The Mountain Times

°F Sun, April 20, 2014

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Almost cut my hair today

Yes, David Crosby sang that line back in the early 70's. It was released on the Déjà Vu album along with Woodstock, Teach Your Children and Our House, a personal favorite. I'd like to sing that lyric right now, but unfortunately my hairdresser of the past three years recently gave up her trade. So my hair is simply going to grow longer by default for now.

I'm not good with change. Don't get me wrong, I'm quite adaptable when I need to be, but making adjustments to my habits and rituals is another story. My daughters presented me with a beautiful Coach purse for Christmas. Though it was a nice gesture, but the underlying motivation was their embarrassment over my five-year-old, ten-dollar model. It was a steal I found during the "Final Store Closing" sale at the Fashion Bug in Rutland. Right now you may be thinking you don't remember a Fashion Bug in Rutland and that is exactly the point. My girls said, "Mom, you have a high-class downtown job now, it's time for an uptown purse."

If you think changing pocketbooks is difficult for me, you can imagine the trauma inflicted at having to find a new hair stylist. When Ryenna was on a three-month medical leave last year, I went for four months without a cut (I was due for one just when she took leave, hence the added 30 days). When she finally sent the text to all her customers notifying us she would be back in business in two weeks, I was the first to reply and the first with an appointment. The others had simply gone to someone else in the interim. Not me - I was so overdue she barely knew where to start. It was like trying to forge the clippers into the overgrown hedges and give them some shape.

Hair was so easy as a kid. Boys all went with dad to the barbershop for the traditional buzz cut. The trick was to get the cut as close as possible without actually being bald. The shorter the cut, the longer the time period before the clan needed to return to the barbershop. It was about finances, not style.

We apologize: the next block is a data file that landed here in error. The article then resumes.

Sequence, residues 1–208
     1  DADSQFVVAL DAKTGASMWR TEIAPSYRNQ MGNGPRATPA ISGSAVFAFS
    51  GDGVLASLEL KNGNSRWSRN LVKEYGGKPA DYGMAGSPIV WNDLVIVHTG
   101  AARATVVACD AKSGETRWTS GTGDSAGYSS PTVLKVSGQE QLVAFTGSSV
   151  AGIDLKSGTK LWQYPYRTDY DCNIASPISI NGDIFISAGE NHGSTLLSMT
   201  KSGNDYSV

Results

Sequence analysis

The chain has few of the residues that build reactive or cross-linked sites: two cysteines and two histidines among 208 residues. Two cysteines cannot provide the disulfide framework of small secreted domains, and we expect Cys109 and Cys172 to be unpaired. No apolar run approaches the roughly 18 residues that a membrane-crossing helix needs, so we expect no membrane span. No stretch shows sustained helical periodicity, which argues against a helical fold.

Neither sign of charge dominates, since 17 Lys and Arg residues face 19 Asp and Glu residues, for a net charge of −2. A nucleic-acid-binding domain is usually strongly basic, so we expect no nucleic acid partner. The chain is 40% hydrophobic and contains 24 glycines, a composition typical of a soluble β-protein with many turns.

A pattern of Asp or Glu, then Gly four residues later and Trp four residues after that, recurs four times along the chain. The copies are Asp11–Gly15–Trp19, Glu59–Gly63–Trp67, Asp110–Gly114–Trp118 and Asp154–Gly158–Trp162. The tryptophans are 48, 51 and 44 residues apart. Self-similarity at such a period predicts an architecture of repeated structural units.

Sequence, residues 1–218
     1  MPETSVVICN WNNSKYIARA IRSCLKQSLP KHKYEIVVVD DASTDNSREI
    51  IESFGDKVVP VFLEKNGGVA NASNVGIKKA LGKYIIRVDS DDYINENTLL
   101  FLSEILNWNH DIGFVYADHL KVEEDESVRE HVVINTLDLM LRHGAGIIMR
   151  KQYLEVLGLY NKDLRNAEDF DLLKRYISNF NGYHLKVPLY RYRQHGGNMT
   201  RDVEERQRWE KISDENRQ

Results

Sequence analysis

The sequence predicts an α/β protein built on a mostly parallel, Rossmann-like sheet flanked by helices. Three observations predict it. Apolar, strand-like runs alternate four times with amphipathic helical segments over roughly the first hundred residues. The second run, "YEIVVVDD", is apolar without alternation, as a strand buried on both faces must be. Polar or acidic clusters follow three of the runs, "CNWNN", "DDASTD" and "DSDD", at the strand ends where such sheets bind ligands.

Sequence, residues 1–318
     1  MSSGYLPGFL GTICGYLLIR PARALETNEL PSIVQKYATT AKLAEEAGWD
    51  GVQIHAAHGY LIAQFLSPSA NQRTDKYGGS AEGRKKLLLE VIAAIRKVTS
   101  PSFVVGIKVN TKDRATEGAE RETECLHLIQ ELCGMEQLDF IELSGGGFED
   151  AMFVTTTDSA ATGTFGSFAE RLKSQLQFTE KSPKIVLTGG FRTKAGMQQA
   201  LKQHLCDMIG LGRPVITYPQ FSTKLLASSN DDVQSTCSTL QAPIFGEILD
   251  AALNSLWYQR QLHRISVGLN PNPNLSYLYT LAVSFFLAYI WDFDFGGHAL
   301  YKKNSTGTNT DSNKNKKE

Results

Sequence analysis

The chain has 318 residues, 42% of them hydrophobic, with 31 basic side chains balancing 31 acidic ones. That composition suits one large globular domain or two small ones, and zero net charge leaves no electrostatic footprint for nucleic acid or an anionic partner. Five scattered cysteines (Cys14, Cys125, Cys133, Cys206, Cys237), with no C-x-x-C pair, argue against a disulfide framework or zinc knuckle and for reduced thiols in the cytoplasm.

Girls either had long hair that was kept meticulously in a ponytail or braids. Girls like me, whose moms didn't have the time to do our hair each morning, got the pixie cut. All it took was a little brushing in the morning and you were good to go. I hated my pixie cut.

I didn't really have any hair coiffing role models as a kid. I spent a good deal of time with my grandmother and I do not recall her hair being anything but gray and thin. She would wash it in the kitchen sink and roll it into little pin curls. My aunts were of that generation that went to the beauty parlor once a week for a shampoo and set. Each day they would touch it up and give it a good spraying of Aqua Net. By the end of the week, it was like set cement.

Once I reached the age of reason, which I believe coincided with making my Confirmation, I was entrusted to style my own hair and given permission to let it grow out. Like every other brunette girl in the late 60's and early 70's, I grew it long and parted it down the middle. There was no need to go to a salon for a cut. All you needed was a friend with a pair of scissors and an eye for a straight line. You also needed the aid of a friend when you squatted next to the ironing board to straighten it. I still have burn scars from the nights I attempted it single-handed.

Around this same period, boys started growing their hair long too. It coincided with the British invasion. Preppy boys still kept their hair short, a rule of the coaches of various school sporting teams. The leather-jacket wearing guys, affectionately referred to as "the hoods", allowed for a little length accompanied by facial hair and long sideburns. The musicians and other artistic types went shoulder-length and longer. I really didn't want to date boys whose hair was longer, and sometimes shinier, than mine. But I broke that rule for a short fling with Billy Hickman just because he was so cute.

The Boomer generation was defined by its hair. Heck, there was an entire Broadway musical written about it. The Flower Children. We were making a statement, but our parents and other authority figures were suspicious of our motives. Lyrics like this explained it (ok trivia fans, who sang this?)

And the sign said "Long-haired freaky people need not apply."
So I tucked my hair up under my hat and I went in to ask him why.
He said "You look like a fine upstanding young man, I think you'll do."
So I took off my hat, I said "Imagine that. Huh! Me workin' for you!"

My hair no longer defines me, though I still summon that "can't tell me what to do" attitude when someone suggests I am too old to grow my hair long again. Hmmm, at the moment I don't think I have any other choice. (PS - It was Five Man Electrical Band).

Cindy Phillips is a columist for The Mountain Times, she can be contacted at